I’ve begun participating lately with a group of Black men that gather at my son’s school every Saturday morning for an extra-curricula program working with the male students at Atlanta Preparatory Academy. The members hark from various education or professional backgrounds and function under the eldership of civil rights legend Dr. C.T. Vivian, while being convened by the school’s Board of Trustees chairperson Hakim Hilliard (attorney and son of legendary scholar Asa Hilliard III). Though still focused on relationship building with the school’s students, the group has recently expanded its vision to include identifying itself and eventually functioning as what could be called a “jegna” oriented collective.
As defined by Wade W. Nobles, “Jegna is an Ethiopian (Amharic) word that means a very brave person who is a protector of a culture, the rights of his or her people and their land. More than a leader, a jegna is someone who is not afraid to speak truth to power, is uncompromised, full of integrity and at the very core of his or her being sees the welfare and protection of their people as paramount. They are literally prepared to die for the community they represent. Jegna (Jenoch, plural from) are those special people who have:
- been tested in struggle or battle
- demonstrated extraordinary and unusual fearlessness
- shown determination and courage in protecting his/her people, land and culture
- shown diligence and dedication to our people
- produced exceptionally high quality work
- dedicated themselves to the protection, defense, nurturance, and development of our young by advancing our people, place and culture”
During several profoundly meaningful and earnest discussion sessions within our Saturday morning group, we have been exploring the implications of an assumed jegna identity for ourselves. Many of us believe that Dr. Vivian himself represents a stellar example of a jegna amongst us, given his years of self-sacrifice and transformative leadership on behalf of Black people. Personally, being in regular proximity to and in developing relationship with a seasoned jegna of his stature is a continuation of a repeated most fortunate experience for me. At this first year past the fortnight of my life, I feel blessed to know an elder circle of exceptional character that are both still alive and also accessible to me in the realm of the ancestors.
In addition to Dr. Vivian, I’ve connected to Joe Beasley of Operation Rainbow/PUSH fame and community outreach representative for Atlanta’s venerable Antioch Baptist Church through a new activist group I’ve been working with since late last year. Brother Beasley is also in my opinion a jegna of uncommon valor and astuteness who has declined to slow down after years of exceptional service to our people and humanity in general, despite his years and earned official retirement. In the too few months that have known and interacted with him, I have observed the level of impact that is capable of this seasoned roundly respected warrior with uncompromising convictions. From the Occupy Atlanta movement to holding elected officials accountable, his positive influence on the course of local and global events is substantial.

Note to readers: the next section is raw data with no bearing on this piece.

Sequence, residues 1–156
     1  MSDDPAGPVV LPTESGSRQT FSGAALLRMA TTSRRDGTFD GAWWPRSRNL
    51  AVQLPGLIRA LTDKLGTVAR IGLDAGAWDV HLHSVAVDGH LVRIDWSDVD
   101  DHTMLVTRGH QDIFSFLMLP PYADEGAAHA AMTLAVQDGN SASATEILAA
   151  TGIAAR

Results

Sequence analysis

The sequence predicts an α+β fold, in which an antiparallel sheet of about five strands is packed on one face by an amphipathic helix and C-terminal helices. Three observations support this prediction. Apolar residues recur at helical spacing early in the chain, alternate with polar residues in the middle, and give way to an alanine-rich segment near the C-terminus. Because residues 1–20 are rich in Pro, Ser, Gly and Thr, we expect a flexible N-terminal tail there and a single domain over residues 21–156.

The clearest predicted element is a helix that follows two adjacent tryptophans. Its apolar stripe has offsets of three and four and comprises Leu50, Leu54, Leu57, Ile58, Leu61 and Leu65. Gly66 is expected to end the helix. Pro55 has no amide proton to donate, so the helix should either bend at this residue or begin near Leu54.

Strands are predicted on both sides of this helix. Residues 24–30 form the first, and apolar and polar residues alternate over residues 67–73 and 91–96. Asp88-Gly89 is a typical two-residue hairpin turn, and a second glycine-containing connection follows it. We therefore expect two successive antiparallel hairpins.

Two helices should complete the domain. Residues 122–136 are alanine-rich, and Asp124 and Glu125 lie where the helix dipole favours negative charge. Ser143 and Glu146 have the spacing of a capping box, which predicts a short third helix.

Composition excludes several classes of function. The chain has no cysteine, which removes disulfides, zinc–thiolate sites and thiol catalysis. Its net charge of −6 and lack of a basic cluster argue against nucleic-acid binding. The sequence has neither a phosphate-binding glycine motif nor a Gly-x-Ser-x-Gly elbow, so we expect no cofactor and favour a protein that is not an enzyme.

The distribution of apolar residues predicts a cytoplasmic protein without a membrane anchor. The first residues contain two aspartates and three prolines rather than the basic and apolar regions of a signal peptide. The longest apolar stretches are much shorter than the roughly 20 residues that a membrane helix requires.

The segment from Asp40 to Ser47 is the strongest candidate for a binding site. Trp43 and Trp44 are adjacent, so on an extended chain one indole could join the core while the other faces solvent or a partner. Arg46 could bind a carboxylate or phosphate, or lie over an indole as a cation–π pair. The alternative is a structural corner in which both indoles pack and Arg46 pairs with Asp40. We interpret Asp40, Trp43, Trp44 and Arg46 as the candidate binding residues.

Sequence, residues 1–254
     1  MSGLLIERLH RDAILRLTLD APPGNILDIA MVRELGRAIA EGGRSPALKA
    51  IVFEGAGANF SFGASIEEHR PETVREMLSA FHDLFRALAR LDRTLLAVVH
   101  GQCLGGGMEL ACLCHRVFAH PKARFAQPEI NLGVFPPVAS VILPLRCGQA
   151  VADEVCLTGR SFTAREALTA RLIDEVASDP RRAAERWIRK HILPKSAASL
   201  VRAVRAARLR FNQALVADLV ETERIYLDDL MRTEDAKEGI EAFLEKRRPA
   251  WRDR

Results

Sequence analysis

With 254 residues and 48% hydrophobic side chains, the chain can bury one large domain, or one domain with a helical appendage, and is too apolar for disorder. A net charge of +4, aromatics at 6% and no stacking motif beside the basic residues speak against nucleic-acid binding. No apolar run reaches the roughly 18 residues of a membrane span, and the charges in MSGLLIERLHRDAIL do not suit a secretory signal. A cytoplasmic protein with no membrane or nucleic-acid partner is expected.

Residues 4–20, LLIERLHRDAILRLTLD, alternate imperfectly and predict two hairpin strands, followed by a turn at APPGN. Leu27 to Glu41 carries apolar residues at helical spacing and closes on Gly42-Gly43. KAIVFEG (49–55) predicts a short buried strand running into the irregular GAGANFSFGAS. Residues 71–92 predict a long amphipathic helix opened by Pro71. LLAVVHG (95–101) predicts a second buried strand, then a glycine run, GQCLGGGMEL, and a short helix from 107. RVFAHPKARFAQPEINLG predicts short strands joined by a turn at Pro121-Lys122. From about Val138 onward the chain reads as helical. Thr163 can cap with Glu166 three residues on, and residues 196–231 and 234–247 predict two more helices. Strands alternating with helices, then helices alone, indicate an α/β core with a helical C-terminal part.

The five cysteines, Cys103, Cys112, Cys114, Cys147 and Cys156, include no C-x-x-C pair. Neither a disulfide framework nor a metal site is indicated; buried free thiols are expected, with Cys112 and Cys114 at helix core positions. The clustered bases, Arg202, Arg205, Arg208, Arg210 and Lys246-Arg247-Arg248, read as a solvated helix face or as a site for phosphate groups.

Equally meaningful for me are the revolutionary giants I’ve known that no longer walk among the living, but whose presence is still very much a reality for me from day to day. The perpetual community role of ancestors is of course a fixture of traditional African culture that persists for those of us who endeavor to preserve our best traditions. My own journey toward jegnaship was initiated when I was in my late teens by a brilliant professor of political science and Pan African organizer Dr. D. Mudavanha-Patterson. I benefitted immensely from several years of intense intellectual tutelage with Mudavanha that ultimately evolved to a surrogate father role. I subsequently become a student of Master Teacher and Founder of the Shrines of the Black Madonna, Jaramogi Abebe Agyeman (Rev. Albert B. Cleage Jr.), as a member of the Pan African Orthodox Christian Church. The one-on-one conversations I was able to have with this multi-genius and Black liberation theology pioneer are counted by me as among the treasures of my life. Though both of these jenoch have passed on, I continue to call on their character and wisdom while striving to be my best self.
Under this category of my blog, I intend to share deeper reflections in the future on the jegna personalities in my circle that influence me in person or through spirit. My aspiration is to earn my place with this role for others through my own journey towards jegnaship. As noted on the website of the Association of Black Psychologists, “A Jegna is a person who is still growing, still a learner, still with potential, and whose life continues to have within it promise for and connection to the future. A Jegna is a person who deserves respect and honor and whose work it is to synthesize wisdom from life long experience and formulate this into a legacy for future generations.”
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